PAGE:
Stefanowski’s family left for the suburbs in 1967 or ’68, when he was in second grade, the parochial school around the corner still was open, his family attended Mass at Saint John the Baptist, and Visels was the friendly corner pharmacy.
Visels is still here, run by father-and-son pharmacists, Edmund Funaro Sr. and Jr. Their family bought the place in 1967, not long before Stefanowski, his three older sisters and their parents decamped for North Haven.
The elder Funaro said he was taught to ride a bike by Stefanowski’s grandmother. Stefanowski recalled riding his own bike to the pharmacy, which used to have an ice cream counter.
“I’m a little bit upset. You got rid of the ice cream fountain, was my favorite,” Stefanowski teased. “But I’d ride my bike down here. What a great upbringing. These guys have been here since 1913. Still do home deliveries. What pharmacy do you know in Connecticut that does home delivery?”
The younger Funaro gently corrected Stefanowski. The pharmacy indeed was founded in 1913 but owned and run by others until the 1960s.
The intervening decades have been difficult for the neighborhood, part of a census tract where the median household income is $29,000, the population is 97% minority, and 55% of the children live in poverty.
Stefanowski’s family lived on Pond Street, a walk of two blocks up Dixwell from the pharmacy. On the way, he passed Saint John the Baptist, a Roman Catholic Church founded 101 years ago. It closed five years ago and was sold to the French Speaking Baptist Church in 2020. Stefanowski said his parents were married there.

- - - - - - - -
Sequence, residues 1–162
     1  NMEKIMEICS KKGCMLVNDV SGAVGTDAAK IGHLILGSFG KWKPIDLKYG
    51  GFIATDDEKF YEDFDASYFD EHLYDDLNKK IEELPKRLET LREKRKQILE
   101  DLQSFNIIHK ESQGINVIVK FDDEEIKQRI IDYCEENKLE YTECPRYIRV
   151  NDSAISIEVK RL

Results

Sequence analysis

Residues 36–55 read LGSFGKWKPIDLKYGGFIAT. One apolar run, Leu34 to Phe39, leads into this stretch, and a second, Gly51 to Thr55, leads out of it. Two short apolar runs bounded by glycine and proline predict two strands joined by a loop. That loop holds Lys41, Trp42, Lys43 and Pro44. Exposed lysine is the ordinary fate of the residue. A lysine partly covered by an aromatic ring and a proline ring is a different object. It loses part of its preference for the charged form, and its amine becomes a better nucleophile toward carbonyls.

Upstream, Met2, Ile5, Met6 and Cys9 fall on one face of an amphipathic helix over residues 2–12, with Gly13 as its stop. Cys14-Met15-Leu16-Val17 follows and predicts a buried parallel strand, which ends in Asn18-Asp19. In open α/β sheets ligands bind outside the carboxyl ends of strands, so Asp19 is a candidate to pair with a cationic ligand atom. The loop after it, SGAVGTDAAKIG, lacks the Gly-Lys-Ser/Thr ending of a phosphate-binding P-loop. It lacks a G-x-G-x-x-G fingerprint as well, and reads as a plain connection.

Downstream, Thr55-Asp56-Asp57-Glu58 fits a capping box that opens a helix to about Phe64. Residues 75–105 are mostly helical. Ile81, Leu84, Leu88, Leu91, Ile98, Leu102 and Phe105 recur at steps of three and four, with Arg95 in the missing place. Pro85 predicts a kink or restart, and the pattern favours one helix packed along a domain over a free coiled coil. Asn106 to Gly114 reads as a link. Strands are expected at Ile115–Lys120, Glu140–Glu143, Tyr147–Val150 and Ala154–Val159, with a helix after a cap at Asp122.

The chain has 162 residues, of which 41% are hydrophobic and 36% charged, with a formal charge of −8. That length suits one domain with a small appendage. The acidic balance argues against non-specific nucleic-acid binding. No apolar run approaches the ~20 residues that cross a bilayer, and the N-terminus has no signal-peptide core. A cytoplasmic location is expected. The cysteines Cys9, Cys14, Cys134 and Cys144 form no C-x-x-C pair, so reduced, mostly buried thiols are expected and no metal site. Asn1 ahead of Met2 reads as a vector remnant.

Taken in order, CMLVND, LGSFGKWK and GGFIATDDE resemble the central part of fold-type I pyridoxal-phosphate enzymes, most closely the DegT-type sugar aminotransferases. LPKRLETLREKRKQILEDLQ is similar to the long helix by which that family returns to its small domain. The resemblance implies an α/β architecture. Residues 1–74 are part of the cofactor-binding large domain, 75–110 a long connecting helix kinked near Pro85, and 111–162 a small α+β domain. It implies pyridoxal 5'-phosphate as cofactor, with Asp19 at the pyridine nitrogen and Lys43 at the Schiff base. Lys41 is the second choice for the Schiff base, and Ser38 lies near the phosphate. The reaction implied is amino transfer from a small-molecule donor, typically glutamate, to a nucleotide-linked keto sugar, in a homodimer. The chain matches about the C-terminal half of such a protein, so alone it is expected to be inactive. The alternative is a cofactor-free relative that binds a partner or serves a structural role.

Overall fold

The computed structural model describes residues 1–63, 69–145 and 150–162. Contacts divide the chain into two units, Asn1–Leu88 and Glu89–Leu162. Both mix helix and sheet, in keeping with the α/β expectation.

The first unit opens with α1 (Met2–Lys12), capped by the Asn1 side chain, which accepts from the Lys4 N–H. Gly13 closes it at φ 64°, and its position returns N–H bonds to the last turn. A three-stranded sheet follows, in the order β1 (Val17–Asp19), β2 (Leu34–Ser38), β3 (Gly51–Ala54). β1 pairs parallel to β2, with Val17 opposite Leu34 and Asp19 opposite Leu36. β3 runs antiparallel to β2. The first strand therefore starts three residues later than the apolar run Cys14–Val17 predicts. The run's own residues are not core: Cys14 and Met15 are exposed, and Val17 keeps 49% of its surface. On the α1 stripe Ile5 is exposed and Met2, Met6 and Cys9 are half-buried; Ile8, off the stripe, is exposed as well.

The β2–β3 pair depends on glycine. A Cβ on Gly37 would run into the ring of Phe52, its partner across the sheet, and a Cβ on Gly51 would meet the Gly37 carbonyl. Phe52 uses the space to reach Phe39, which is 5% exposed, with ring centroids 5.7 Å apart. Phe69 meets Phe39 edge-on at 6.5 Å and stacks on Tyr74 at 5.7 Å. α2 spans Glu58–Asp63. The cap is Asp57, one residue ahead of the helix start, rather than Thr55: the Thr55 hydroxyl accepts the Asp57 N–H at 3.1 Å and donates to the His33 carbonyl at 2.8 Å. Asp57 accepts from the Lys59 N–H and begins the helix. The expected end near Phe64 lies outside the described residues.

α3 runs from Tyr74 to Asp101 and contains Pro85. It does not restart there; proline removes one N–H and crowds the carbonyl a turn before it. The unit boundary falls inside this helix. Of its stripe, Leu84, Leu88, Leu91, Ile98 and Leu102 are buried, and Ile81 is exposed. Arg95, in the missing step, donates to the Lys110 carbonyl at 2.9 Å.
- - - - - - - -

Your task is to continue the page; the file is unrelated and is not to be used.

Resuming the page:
“And next door is the grammar school I went to, which is now a methadone clinic,” Stefanowski said. “So Democrats have been in charge of the cities for 40 years now. I think we can do better.”
Stefanowski was premature. His old parochial school, also Saint John the Baptist, has changed hands twice since the church closed it. Its current owner, indeed, plans a health facility with a methadone clinic, but the neighborhood is objecting, and it has yet to open.
Engrossed in conversation as he turned the corner on Pond Street, Stefanowski didn’t immediately recognize his childhood home, a three-family house with a tattered American flag and a rusted chain link fence bearing a warning, “NO TRESPASSING.”
His campaign manager yelled, “Bob!”
The Republican nominee for governor reversed course, walked back to the brick- and vinyl-sided house and briefly paused before leading reporters and his running mate, Laura Devlin, down an uneven asphalt driveway.
“Which of these windows was your room?” Devlin asked.
Stefanowski said he had been certain, less so since arriving. But he brightened, recalling getting chased by bees when helping his father working on his next-door-neighbor’s house.
“There’s certain things you remember as a kid,” he said, smiling. “I remember the bees.”
He left without seeing if anyone was home. A reporter later tried the doorbells. One was beside a door with a sticker saying, “Women for Obama.”
No one answered.